Archive for the ‘Personalization’ Category

ltsigIt’s hype time again. Spurred on, no doubt, by the current spate of books and articles  about AIED (artificial intelligence in education), the IATEFL Learning Technologies SIG is organising an online event on the topic in November of this year. Currently, the most visible online references to AI in language learning are related to Glossika , basically a language learning system that uses spaced repetition, whose marketing department has realised that references to AI might help sell the product. GlossikaThey’re not alone – see, for example, Knowble which I reviewed earlier this year .

In the wider world of education, where AI has made greater inroads than in language teaching, every day brings more stuff: How artificial intelligence is changing teaching , 32 Ways AI is Improving Education , How artificial intelligence could help teachers do a better job , etc., etc. There’s a full-length book by Anthony Seldon, The Fourth Education Revolution: will artificial intelligence liberate or infantilise humanity? (2018, University of Buckingham Press) – one of the most poorly researched and badly edited books on education I’ve ever read, although that won’t stop it selling – and, no surprises here, there’s a Pearson commissioned report called Intelligence Unleashed: An argument for AI in Education (2016) which is available free.

Common to all these publications is the claim that AI will radically change education. When it comes to language teaching, a similar claim has been made by Donald Clark (described by Anthony Seldon as an education guru but perhaps best-known to many in ELT for his demolition of Sugata Mitra). In 2017, Clark wrote a blog post for Cambridge English (now unavailable) entitled How AI will reboot language learning, and a more recent version of this post, called AI has and will change language learning forever (sic) is available on Clark’s own blog. Given the history of the failure of education predictions, Clark is making bold claims. Thomas Edison (1922) believed that movies would revolutionize education. Radios were similarly hyped in the 1940s and in the 1960s it was the turn of TV. In the 1980s, Seymour Papert predicted the end of schools – ‘the computer will blow up the school’, he wrote. Twenty years later, we had the interactive possibilities of Web 2.0. As each technology failed to deliver on the hype, a new generation of enthusiasts found something else to make predictions about.

But is Donald Clark onto something? Developments in AI and computational linguistics have recently resulted in enormous progress in machine translation. Impressive advances in automatic speech recognition and generation, coupled with the power that can be packed into a handheld device, mean that we can expect some re-evaluation of the value of learning another language. Stephen Heppell, a specialist at Bournemouth University in the use of ICT in Education, has said: ‘Simultaneous translation is coming, making language teachers redundant. Modern languages teaching in future may be more about navigating cultural differences’ (quoted by Seldon, p.263). Well, maybe, but this is not Clark’s main interest.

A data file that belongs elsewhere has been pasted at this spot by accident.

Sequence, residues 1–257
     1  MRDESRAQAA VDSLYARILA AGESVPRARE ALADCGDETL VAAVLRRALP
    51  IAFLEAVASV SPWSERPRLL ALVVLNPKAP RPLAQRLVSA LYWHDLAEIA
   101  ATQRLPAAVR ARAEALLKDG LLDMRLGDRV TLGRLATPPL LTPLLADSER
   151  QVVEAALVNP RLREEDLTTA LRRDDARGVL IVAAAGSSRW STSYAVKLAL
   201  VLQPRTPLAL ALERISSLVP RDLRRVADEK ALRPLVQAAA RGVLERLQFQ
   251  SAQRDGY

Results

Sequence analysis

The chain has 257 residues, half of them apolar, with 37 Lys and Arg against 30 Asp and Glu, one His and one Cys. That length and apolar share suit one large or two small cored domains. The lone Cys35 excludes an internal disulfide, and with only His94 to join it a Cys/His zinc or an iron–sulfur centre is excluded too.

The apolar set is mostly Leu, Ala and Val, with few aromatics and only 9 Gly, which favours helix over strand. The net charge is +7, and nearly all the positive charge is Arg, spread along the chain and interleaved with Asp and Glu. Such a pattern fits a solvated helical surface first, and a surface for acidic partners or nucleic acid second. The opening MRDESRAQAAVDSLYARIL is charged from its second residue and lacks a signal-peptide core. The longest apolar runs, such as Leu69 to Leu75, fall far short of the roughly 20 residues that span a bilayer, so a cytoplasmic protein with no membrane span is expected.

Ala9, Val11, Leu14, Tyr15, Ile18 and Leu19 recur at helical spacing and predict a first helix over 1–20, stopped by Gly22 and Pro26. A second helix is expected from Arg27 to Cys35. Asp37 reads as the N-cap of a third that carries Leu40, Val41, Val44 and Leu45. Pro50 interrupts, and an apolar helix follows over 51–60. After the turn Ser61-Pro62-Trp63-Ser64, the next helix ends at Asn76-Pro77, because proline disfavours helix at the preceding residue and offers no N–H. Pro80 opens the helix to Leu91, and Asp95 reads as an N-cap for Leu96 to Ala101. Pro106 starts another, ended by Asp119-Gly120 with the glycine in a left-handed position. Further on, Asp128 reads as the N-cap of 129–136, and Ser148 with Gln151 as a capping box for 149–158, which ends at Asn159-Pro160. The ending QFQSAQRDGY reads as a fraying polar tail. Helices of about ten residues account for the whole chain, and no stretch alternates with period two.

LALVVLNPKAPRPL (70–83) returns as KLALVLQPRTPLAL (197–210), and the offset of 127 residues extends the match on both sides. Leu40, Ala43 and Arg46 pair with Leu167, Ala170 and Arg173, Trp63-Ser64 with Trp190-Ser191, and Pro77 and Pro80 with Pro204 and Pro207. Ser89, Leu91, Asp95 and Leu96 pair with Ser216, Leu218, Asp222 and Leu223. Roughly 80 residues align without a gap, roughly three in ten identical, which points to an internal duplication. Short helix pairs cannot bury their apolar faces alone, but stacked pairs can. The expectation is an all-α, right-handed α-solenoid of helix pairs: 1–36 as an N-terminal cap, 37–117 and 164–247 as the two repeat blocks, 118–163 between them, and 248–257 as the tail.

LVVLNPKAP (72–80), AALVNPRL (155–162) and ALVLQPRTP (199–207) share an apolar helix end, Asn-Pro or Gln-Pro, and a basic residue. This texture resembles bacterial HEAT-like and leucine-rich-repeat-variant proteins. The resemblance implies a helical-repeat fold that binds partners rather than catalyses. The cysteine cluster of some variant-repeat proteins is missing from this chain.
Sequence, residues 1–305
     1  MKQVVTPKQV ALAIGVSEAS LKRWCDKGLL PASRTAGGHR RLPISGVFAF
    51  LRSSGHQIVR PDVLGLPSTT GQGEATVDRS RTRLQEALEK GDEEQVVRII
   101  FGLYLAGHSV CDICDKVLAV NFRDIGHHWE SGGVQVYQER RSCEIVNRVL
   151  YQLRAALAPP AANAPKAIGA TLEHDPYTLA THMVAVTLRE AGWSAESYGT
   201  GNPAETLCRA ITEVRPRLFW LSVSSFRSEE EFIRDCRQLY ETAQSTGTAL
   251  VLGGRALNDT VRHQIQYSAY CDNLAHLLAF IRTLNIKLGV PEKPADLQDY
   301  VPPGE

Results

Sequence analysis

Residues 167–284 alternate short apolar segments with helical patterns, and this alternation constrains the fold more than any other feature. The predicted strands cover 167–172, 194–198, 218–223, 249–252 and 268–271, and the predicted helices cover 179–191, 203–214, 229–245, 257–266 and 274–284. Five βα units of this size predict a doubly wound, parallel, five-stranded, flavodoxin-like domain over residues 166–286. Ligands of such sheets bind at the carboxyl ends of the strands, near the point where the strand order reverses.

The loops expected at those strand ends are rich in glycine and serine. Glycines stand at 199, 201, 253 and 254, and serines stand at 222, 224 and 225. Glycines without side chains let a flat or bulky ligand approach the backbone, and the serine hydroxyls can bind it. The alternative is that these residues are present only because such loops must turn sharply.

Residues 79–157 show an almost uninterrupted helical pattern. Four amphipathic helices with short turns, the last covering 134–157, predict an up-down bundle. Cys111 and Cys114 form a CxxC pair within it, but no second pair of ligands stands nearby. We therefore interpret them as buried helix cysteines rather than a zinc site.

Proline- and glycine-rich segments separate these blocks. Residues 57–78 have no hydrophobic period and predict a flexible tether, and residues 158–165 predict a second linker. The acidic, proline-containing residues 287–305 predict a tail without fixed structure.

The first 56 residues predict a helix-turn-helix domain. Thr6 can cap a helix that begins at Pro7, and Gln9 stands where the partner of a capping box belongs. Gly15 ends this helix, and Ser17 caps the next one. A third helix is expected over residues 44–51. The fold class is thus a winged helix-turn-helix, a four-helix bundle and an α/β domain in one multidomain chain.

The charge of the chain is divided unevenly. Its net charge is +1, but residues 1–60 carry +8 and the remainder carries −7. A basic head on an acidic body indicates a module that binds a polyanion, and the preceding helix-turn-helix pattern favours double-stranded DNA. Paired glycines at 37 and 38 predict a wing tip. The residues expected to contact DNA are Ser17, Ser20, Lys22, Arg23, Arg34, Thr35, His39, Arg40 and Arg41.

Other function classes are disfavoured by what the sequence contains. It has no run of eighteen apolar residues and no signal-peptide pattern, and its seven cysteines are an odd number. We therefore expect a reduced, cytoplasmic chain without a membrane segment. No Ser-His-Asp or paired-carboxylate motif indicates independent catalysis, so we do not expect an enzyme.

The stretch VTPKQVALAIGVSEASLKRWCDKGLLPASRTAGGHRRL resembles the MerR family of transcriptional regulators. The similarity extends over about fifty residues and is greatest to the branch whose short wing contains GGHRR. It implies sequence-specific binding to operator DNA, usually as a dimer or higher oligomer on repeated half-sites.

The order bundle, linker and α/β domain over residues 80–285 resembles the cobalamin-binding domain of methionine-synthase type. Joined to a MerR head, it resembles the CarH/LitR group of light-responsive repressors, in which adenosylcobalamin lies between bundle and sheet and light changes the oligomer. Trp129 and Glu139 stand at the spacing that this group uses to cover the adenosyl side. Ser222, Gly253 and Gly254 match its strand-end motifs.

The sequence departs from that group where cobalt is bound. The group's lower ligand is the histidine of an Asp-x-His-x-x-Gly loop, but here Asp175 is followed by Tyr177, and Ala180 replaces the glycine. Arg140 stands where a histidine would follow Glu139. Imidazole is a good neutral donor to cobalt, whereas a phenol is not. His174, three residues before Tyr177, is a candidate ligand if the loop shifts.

Less a matter of opinion and much closer to the present day is the issue of assessment. AI is becoming ubiquitous in language testing. Cambridge, Pearson, TELC, Babbel and Duolingo are all using or exploring AI in their testing software, and we can expect to see this increase. Current, paper-based systems of testing subject knowledge are, according to Rosemary Luckin and Kristen Weatherby, outdated, ineffective, time-consuming, the cause of great anxiety and can easily be automated (Luckin, R. & Weatherby, K. 2018. ‘Learning analytics, artificial intelligence and the process of assessment’ in Luckin, R. (ed.) Enhancing Learning and Teaching with Technology, 2018. UCL Institute of Education Press, p.253). By capturing data of various kinds throughout a language learner’s course of study and by using AI to analyse learning development, continuous formative assessment becomes possible in ways that were previously unimaginable. ‘Assessment for Learning (AfL)’ or ‘Learning Oriented Assessment (LOA)’ are two terms used by Cambridge English to refer to the potential that AI offers which is described by Luckin (who is also one of the authors of the Pearson paper mentioned earlier). In practical terms, albeit in a still very limited way, this can be seen in the CUP course ‘Empower’, which combines CUP course content with validated LOA from Cambridge Assessment English.

Will this reboot or revolutionise language teaching? Probably not and here’s why. AIED systems need to operate with what is called a ‘domain knowledge model’. This specifies what is to be learnt and includes an analysis of the steps that must be taken to reach that learning goal. Some subjects (especially STEM subjects) ‘lend themselves much more readily to having their domains represented in ways that can be automatically reasoned about’ (du Boulay, D. et al., 2018. ‘Artificial intelligences and big data technologies to close the achievement gap’ in Luckin, R. (ed.) Enhancing Learning and Teaching with Technology, 2018. UCL Institute of Education Press, p.258). This is why most AIED systems have been built to teach these areas. Language are rather different. We simply do not have a domain knowledge model, except perhaps for the very lowest levels of language learning (and even that is highly questionable). Language learning is probably not, or not primarily, about acquiring subject knowledge. Debate still rages about the relationship between explicit language knowledge and language competence. AI-driven formative assessment will likely focus most on explicit language knowledge, as does most current language teaching. This will not reboot or revolutionise anything. It will more likely reinforce what is already happening: a model of language learning that assumes there is a strong interface between explicit knowledge and language competence. It is not a model that is shared by most SLA researchers.